One of my favorite dishes at Hong Kong-style cafés is their Hong Kong-style Curry. We never thought to create that at home, though. You know, it's just one of those restaurant dishes. This is probably because we couldn't quite tell how they make their curry. We assume it's simply curry powder -- or is it a curry paste? -- but with what else?
Then, browsing through Madhur Jaffrey's From Curries to Kebabs: Recipes from the Indian Spice Trail (which happened to be right under our noses for quite a while already), we found it!
Well, I only read the introduction which gives more emphasis to the fact that HK curry has evaporated milk (instead of coconut milk or cream). Actually, upon discovering the recipe and reading the introduction, all I could do was keep asking, "Could it be? Is it really like HK-style curry?"
Yet, I did not try the recipe to find out. I don't know why.
Perhaps my doubt stems from the recipe using pork. In all my HK-style café eating experience, I have only come across beef (sliced beef or beef brisket) and chicken curries. Seafood was not uncommon, as fish balls in curry sauce are a snack food item. But pork? I don't think I've ever seen HK-style curry with pork.
Months and months afterwards, JS bought some mini cuttlefish. We don't really have them often at home, if ever, and were at a loss on what to do with them. An idea: why not recreate a favorite dimsum item, curried cuttlefish!
Finally, I read Madhur's recipe closely. (First name basis.) The secret turned out not to be the evaporated milk, but this:
Attractive, I know.
What is it? Why, it's curry powder (we have Madras at home) with sesame oil! So simple! They're a wily bunch, them Hong Kong cooks. ;)
It was easy after knowing the "secret."
I cooked my dish slightly differently from the book's recipe to account for the cuttlefish's short cooking time.
In a pan, I heated some oil then added some garlic and a touch of chili flakes. I didn't add shallots/onions because I was too lazy to peel and slice some.
Next, the "curry paste" (of Madras curry powder mixed with sesame oil) went in, followed by some water, evaporated milk, salt and sugar to taste. I added the cuttlefish until they were cooked.
As a final touch, I made a cornstarch slurry (cornstarch dissolved in cold water) and added that to the sauce until it was the desired thickness.
Their big bulbous "heads" are so cute!
It really was Hong Kong-style curry! Yehey, Madhur!
Next time, I won't add as much "curry paste" and evaporated milk as I think this version was a tad too "rich". As is, it would definitely be good for curry fish balls as it would have no trouble sticking to the fish balls at all.
My next goal, of course, is to make Curry Beef Brisket. That would warrant adding onions and bell peppers to the dish. As for the beef portion, I'm thinking I should braise the beef first in a Chinese-y liquid (soy sauce with star anise?) and only combining it with the curry sauce when it's tender. Anybody know for sure?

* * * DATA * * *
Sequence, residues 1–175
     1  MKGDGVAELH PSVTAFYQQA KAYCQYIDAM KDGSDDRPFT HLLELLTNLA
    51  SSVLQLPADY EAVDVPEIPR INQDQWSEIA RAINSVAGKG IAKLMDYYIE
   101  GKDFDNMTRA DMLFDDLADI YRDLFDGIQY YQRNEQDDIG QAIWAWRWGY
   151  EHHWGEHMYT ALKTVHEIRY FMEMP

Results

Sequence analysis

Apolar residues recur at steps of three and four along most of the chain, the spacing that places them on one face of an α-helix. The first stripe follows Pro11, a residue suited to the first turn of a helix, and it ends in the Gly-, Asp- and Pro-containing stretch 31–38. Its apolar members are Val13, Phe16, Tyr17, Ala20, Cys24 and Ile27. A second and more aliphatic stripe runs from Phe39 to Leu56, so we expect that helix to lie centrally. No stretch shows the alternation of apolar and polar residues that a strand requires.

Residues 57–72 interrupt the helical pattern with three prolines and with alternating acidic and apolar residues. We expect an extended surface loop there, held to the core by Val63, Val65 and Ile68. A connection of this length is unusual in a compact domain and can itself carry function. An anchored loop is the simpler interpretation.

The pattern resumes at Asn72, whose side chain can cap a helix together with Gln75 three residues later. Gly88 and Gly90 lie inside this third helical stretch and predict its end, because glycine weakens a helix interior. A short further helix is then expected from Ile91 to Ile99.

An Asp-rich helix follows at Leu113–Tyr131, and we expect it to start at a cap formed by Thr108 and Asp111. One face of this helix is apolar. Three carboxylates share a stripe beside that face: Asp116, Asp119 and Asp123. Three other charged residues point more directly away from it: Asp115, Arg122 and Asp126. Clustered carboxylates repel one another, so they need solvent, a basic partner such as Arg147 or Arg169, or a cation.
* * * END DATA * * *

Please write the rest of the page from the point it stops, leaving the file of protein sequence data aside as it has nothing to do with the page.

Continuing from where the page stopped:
eatingclub Hong Kong/Cantonese
Chicken Chow Mein
Cantonese Braised Beef Brisket, Two Ways
Lobster Congee from a Lobster Feast
Chinese Roast Pork Belly
Gailan (Chinese Broccoli) with Oyster Sauce, Two Ways
Chinese Pork Bone Soup with Carrots and Water Chestnuts
Hong Kong-style Curry Cuttlefish
Dimsum Seafood Trio: Black Pearl Prawn Toast, Scallop in Nest, Jewelled Rice Cup
Hong Kong-style Singapore Noodles (星洲炒米)
Hong Kong-style Stir-fried Water Spinach with Shrimp Paste (蝦醬通菜)
Hong Kong-style Stir-fried Rice Noodle with Beef (乾炒牛河)
Sweet and Sour Pork
Hong Kong-style Curry Beef Brisket (咖喱牛腩), 1st Attempt
Hong Kong-style Curry Sauce
adapted from Maddhur's Jaffrey's From Curries to Kebabs: Recipes from the Indian Spice Trail
3 Tbsp corn/peanut oil
1 Tbsp chopped shallots
5 cloves garlic, chopped
chili flakes, to taste
2 Tbsp curry powder mixed w 4 tspn sesame oil (curry paste)
1/2 cup water/broth
4 Tbsp canned evaporated milk
1 tspn sugar (to taste)
1 tspn salt (to taste)
1 tspn cornstarch dissolved in 4 Tbsp water (cornstarch slurry)
In a pan, heat oil. Add shallots, garlic and chili flakes. Cook until fragrant, a few seconds. Add curry paste and cook for a few more seconds. Add water/broth and evaporated milk and stir until paste has completely dissolved. Add salt and sugar to taste.
For quick cooking items like shrimp or squid, add them at this point. When they are to the doneness of your liking, proceed.
Or, alternatively, one can first stir-fry any meats (sliced thinly) or seafood before making the sauce. Set them aside to make the sauce in the same pan. The stir-fried items can then be added at this point.
If the sauce is not to the thickness of your liking, add cornstarch slurry to the hot/boiling sauce and stir in. The sauce should thicken in a matter of seconds.
We're submitting this to the Seven Fishes Feast blog event hosted by Joe of Italyville and Maryann of Finding La Dolce Vita.
Please visit these pages for information on how to participate: here and here. Deadline is December 18. Round-up pages: here and here.
We're also submitting this to the Chinese edition of Joelen's Wine & Dine event. Find more details and the round-up at Joelen's blog: Joelen's Culinary Adventures.